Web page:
Pastor Marc's sermon for the 26th Sunday After Pentecost (November 18, 2018) on Mark 13:1-13. Listen to the recording here or read my manuscript below.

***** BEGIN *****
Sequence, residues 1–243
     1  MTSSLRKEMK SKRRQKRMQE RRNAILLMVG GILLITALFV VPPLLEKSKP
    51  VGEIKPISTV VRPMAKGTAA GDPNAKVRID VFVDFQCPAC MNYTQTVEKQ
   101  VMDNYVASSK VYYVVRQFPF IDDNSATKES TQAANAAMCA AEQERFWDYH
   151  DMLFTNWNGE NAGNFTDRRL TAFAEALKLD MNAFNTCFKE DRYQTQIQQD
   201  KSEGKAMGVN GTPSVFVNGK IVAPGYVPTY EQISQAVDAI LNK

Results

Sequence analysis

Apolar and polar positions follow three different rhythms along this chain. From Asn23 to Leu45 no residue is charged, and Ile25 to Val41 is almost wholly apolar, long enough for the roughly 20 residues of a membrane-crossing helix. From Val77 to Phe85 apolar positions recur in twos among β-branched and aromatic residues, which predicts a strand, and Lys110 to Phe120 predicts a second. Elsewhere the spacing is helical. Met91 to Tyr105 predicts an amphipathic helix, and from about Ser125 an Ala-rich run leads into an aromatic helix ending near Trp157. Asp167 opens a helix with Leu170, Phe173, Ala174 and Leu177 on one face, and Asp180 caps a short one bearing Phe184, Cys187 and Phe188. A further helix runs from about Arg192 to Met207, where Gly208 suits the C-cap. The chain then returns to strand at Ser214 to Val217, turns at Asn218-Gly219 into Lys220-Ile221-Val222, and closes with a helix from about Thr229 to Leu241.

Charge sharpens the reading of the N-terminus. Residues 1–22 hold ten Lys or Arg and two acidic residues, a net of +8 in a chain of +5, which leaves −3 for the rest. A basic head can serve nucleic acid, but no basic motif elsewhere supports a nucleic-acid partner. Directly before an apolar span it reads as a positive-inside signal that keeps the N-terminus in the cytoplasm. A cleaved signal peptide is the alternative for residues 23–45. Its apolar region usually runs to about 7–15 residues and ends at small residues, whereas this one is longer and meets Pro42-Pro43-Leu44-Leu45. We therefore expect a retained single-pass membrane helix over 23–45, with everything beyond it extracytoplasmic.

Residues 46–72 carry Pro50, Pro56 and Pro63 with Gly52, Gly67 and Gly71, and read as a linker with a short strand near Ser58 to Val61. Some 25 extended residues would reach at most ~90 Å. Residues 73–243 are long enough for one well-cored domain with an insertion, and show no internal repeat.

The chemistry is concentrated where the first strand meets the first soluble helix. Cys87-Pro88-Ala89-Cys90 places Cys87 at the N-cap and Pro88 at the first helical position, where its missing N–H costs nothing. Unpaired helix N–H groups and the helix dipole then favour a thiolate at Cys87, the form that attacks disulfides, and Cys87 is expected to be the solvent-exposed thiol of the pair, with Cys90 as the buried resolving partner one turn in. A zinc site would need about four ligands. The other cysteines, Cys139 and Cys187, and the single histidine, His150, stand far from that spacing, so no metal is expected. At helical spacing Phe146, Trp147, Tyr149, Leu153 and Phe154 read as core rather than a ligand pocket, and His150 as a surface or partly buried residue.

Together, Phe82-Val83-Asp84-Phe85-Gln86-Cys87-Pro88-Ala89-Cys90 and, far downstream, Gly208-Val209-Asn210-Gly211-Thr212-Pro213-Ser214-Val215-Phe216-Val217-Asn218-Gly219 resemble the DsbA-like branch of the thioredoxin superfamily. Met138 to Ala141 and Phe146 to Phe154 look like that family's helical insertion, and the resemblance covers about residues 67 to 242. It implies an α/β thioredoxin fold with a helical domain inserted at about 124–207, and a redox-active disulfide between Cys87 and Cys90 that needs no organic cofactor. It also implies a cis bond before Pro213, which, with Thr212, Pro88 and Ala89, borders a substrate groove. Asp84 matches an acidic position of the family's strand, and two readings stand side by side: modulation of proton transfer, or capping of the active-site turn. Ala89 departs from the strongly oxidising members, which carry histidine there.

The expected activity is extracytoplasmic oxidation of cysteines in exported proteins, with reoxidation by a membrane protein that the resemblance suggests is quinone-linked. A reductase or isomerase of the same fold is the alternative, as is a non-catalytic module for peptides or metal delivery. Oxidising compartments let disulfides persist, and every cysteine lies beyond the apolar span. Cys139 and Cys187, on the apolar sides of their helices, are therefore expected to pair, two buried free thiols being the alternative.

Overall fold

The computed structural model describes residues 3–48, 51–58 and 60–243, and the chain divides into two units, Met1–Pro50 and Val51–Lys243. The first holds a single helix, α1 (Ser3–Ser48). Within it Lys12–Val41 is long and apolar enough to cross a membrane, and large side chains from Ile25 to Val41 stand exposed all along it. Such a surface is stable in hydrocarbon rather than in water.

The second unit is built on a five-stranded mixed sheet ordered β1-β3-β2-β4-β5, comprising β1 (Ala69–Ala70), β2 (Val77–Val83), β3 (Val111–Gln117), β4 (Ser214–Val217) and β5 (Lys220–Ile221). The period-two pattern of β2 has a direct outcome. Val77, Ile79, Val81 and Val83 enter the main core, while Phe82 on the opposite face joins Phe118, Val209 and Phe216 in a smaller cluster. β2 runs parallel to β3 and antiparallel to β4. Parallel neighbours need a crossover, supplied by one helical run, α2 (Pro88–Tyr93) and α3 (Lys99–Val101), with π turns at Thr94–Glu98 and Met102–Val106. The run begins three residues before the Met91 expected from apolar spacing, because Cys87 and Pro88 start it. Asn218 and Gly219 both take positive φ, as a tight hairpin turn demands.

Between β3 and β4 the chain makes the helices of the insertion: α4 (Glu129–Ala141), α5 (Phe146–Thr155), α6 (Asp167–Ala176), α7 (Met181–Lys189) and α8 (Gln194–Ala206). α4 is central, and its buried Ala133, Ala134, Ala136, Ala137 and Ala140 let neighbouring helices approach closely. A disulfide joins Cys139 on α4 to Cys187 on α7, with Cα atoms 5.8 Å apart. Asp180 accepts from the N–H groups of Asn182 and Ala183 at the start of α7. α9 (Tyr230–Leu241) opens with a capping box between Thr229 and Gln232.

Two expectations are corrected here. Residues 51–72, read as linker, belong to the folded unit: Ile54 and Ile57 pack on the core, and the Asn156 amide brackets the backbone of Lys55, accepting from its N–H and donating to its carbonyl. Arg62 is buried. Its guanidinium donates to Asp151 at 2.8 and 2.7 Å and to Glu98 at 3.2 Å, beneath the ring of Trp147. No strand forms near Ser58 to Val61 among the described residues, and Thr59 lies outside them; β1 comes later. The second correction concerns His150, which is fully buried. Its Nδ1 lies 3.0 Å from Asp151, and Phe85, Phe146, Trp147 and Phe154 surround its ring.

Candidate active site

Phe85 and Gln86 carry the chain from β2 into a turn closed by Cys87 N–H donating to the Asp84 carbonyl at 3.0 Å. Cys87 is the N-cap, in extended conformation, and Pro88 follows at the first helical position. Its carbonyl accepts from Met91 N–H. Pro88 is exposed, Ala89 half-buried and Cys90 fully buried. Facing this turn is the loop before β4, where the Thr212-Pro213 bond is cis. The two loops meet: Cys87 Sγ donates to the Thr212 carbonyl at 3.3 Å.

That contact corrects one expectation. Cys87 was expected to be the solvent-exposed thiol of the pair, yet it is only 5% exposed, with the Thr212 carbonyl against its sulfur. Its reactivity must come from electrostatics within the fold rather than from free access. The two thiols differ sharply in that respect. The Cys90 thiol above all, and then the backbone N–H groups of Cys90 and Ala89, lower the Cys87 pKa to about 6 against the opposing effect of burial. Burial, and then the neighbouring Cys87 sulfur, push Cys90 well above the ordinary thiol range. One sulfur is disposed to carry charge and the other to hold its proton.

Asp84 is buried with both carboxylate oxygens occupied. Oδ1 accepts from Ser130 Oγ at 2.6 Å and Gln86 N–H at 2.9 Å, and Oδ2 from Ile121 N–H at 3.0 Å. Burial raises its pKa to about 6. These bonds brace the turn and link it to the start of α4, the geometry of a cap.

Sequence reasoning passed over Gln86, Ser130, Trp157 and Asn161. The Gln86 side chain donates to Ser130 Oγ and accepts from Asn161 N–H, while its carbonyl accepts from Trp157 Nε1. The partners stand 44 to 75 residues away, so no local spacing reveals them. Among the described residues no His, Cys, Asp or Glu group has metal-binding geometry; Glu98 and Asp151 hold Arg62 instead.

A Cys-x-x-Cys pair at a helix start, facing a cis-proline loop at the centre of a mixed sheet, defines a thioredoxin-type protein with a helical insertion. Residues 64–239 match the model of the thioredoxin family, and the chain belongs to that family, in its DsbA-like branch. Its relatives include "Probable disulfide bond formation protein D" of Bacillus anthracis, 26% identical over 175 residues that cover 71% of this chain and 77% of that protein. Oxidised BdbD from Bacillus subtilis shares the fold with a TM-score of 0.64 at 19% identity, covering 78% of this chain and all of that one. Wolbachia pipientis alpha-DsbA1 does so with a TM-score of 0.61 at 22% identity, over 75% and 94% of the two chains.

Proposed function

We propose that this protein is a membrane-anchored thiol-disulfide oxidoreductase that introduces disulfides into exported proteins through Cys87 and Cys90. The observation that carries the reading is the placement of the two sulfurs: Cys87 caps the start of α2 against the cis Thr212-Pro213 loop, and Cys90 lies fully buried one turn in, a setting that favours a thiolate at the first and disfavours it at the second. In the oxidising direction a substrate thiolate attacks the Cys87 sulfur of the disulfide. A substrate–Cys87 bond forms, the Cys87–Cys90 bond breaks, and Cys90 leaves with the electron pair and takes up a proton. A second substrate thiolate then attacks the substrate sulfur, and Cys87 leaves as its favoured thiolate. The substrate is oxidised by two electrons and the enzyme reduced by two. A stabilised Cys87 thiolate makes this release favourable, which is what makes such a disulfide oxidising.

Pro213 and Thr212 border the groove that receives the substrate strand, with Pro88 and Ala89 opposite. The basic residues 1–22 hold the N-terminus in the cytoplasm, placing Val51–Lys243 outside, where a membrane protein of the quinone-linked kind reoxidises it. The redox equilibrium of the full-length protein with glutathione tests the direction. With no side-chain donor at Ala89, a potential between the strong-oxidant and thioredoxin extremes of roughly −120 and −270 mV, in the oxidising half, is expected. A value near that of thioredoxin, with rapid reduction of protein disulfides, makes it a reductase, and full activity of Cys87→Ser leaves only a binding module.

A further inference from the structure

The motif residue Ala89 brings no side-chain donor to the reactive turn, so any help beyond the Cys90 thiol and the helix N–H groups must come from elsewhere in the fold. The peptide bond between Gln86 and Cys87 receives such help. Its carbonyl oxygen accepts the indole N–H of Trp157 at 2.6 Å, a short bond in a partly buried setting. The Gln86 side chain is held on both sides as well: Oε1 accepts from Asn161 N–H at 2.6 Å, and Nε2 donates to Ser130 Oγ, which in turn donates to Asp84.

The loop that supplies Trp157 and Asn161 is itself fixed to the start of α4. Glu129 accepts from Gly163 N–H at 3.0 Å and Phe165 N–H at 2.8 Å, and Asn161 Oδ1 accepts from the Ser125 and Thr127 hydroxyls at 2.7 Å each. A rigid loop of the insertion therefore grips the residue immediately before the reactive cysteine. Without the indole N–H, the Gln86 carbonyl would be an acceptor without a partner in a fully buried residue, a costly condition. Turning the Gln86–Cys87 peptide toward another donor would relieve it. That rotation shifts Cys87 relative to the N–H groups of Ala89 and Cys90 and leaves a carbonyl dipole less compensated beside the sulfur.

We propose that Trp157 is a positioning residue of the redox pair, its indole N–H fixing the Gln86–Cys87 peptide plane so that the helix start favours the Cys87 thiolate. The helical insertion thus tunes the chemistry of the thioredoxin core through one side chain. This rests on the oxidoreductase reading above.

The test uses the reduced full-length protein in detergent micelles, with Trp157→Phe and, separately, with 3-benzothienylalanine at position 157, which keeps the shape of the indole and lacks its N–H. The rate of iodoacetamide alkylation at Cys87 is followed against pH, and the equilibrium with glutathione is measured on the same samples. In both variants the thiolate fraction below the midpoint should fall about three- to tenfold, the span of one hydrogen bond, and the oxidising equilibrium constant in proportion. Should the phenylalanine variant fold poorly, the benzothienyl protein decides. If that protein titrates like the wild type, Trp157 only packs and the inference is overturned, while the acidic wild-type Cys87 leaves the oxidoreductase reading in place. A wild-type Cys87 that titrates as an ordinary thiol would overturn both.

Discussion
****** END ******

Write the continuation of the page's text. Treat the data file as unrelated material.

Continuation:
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Invisible Girl. Iron Man.The Hulk. Marvel Girl. These are just some of the comic book characters Stan Lee helped bring to life. He, along with the artists Jack Kirby, Steve Ditko, and Don Heck, was instrumental in creating an entire universe full of superheroes. To my kids, Stan Lee is that weird old guy with the awkward cameos in all of the Marvel superhero movies. But for the rest of us, he’s the one who spent five decades giving us all superhero dreams. Stan Lee wasn’t perfect. He took too much credit for the collaborative work he did and he should have given the artists, letterers, and inkers at Marvel Comics more money. Yet I, like countless other comicbook nerds, mourned his passing earlier this week. He was a pop-culture icon, giving birth to a world that looked a lot like our own but one where radioactive spiders gave teenagers superhuman strength. Peter Parker, aka Spider-man, is probably his most beloved co-creation. He first showed up in Amazing Fantasy Comics #15 as a sixteen year old kid who was bitten by a radioactive spider. Peter discovered he could climb walls, balance on thin cables, and crush steel pipes as if they were paper. With his new found powers, Peter did what any teenager would do: he joined the amateur professional wrestling circuit, using his new skills to make some money. After being given the stage name Spider-Man, tragedy struck and Peter Parker became the superhero he was destined to be. And in the final panel of his very first appearance, we read a line that I think even the Holy Spirit regretted not including in the Bible. Spider-man learned that “with great power comes...great responsibility.”